Day two started with a climb directly from the trailhead, following a much easier route than the previous day, so I was able to slowly run the entire climb. Upon reaching the contour trail above the valley floor I started by heading in the opposite direction to my eventual destination. I ran until I reached a ravine featuring a waterfall, plenty of shade and some comfortable rocks, where I sat down to enjoy a relaxing snack. Then I retraced my steps, climbed to reach a viewpoint into another valley to the east, and then climbed even more to the highest point I would reach in the reserve. Then I made my way to the top of the route I had followed up the previous day, and descended the loose and rocky ravine as the day continued to heat up.
There are many possible ways to celebrate Australia Day. Barbecues and a couple of drinks is very common, and that would follow, but I started the day with a run.
As part of a new series of night trail runs organised by TrailsPlus, the Australia Day Midnight Rambler offered running options from 5 km through to 6 hours. All of the events were based on a 5-km loop, providing a great way to practice trail running at night, which is a very important skill for long-distance races. Opting for the longest option I would set out on January 25th at 23:00 for an hour of running, and then would continue for the first five hours of our national day. The plan wasn’t to run flat out, but to get in a solid six hours of training to end a week that involved good mileage, as well as a new 5 km PB at my local Parkrun.
I set out on the first lap behind a few guys setting the pace up front. Since I wasn’t racing I had decided to run down the batteries already in my headlamp rather than starting with a fresh set, but immediately realised that they were already nearly flat. I pulled out my spare hand torch but generally ran using just the dim light from my headlamp. At the end of the first lap I stopped to replace the batteries before leaving the aid station, now gapped by the runners ahead. I would run almost entirely solo for the remaining 5.5 hours.
I had been hosting friend and fellow runner Tamyka since Friday evening, as she had flown in from Queensland for the long weekend. Our race preparation had involved a few nice runs plus plenty of eating, not all of it ideally suited as pre-race nutrition (including a spicy pizza at lunch). As I thought ahead to the nearing toilet block halfway around lap four I missed sighting a rock and the resulting fall involved some grazing on my right hand and knee. On the following lap I noted the exact rock that had caused my fall, and I glared at it on each subsequent lap.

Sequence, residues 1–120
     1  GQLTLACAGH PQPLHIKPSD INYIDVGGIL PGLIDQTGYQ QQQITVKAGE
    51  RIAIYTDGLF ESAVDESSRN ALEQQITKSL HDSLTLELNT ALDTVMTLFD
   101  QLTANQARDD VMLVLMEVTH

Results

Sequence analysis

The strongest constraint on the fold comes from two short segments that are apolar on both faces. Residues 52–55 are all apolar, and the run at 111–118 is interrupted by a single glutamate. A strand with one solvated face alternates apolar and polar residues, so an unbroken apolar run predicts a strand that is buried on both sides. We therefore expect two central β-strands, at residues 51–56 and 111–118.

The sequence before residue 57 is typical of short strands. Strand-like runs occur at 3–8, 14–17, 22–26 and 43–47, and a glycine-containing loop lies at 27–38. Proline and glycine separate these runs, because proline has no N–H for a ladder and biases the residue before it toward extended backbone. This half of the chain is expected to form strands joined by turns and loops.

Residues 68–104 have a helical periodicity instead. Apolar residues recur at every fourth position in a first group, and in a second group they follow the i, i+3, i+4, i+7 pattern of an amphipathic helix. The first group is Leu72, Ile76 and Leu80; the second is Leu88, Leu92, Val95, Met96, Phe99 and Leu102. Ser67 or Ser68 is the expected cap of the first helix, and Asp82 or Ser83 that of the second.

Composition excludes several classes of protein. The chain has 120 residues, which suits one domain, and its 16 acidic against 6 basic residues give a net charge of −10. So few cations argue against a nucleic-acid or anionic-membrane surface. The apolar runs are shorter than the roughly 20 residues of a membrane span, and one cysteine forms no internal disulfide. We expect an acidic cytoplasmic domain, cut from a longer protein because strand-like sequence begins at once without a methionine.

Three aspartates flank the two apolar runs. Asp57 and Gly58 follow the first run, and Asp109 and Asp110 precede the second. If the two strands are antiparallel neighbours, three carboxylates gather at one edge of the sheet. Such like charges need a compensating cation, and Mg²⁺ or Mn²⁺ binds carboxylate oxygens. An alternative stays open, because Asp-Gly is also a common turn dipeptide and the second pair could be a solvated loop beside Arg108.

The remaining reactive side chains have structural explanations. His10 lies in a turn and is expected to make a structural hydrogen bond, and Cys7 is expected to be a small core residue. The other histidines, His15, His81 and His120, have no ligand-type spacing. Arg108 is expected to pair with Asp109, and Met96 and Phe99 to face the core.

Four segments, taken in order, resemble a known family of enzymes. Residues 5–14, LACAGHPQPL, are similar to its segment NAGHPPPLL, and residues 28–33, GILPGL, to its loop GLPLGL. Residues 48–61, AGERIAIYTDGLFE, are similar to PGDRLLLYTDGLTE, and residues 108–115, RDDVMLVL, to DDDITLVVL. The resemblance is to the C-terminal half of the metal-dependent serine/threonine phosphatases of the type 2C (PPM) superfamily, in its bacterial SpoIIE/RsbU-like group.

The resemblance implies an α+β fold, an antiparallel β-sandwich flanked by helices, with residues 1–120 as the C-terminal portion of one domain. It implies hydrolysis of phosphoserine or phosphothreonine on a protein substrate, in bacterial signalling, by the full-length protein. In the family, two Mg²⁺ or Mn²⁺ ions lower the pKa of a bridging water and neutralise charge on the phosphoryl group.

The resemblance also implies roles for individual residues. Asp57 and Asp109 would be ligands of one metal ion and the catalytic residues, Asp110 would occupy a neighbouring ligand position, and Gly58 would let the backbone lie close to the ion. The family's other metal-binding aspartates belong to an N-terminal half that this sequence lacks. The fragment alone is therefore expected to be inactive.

Since returning to Australia last May I have conducted almost all of my training as solo runs. That has included weeks where every training run has lasted at least 2 hours. It provided plenty of time in my own headspace but had become challenging to stay motivated at times. Having run with a great training group for a couple of years while living in South Africa I have missed the camaraderie (and peer group pressure) that training partners can provide.
Therefore I have started looking for some people to run with in earnest. Last weekend I went out for my first run with the Dandenong Trail Runners, a group of runners who organise regular informal runs in the hilly Dandenong Ranges National Park. Since I generally run in the park at least once a week, and sometimes as often as three times a week, it seemed like a great fit.
A week after my race at Two Bays I joined the group for a “flattish” 20ish km run. A group of 19 people met up in the carpark at the Basin Theatre, and we all set out together. The group would separate on the climbs and then regroup at junctions along the course. A number of people were locals to the area, but there were also others like me who had travelled quite a distance (over 30 km in my case) to be there. At the highest point on the route we stopped for a group photo, which apparently involves a jump that I still need to master. I am easily spotted thanks to the very bright green shirt I was wearing.
Completing my first race of 2015 during the second weekend of the year was always part of my plan. However as mentioned in my pre-race post I had trained for a mountainous race that would play to my strengths. I knew that the largest single climb at Two Bays was less than 300 metres of ascent, and that the total ascent would be considerably less than Bogong to Hotham. The race would be 8 km (and around 3 hours) shorter.
Two Bays – Logo
Two Bays – Course Profile
Standing in the starting chute I learned that we had a few hundred metres before reaching single track, and the conga line that would follow. Therefore, unlike my normally controlled starting pace I took off quickly in order to secure a decent position on the single track, slotting in just within the top 30.
I settled into pace in a line of runners, initially striding along happily but noticing a gradual slowdown. After just over 4 km I made my way past a stream of runners with the repeated chant of “on your right” and found myself with open trail ahead of me. This allowed me to set my own pace without any concern for those runners ahead. Occasionally I would pass, or be passed, by other runners as I focussed on my own run.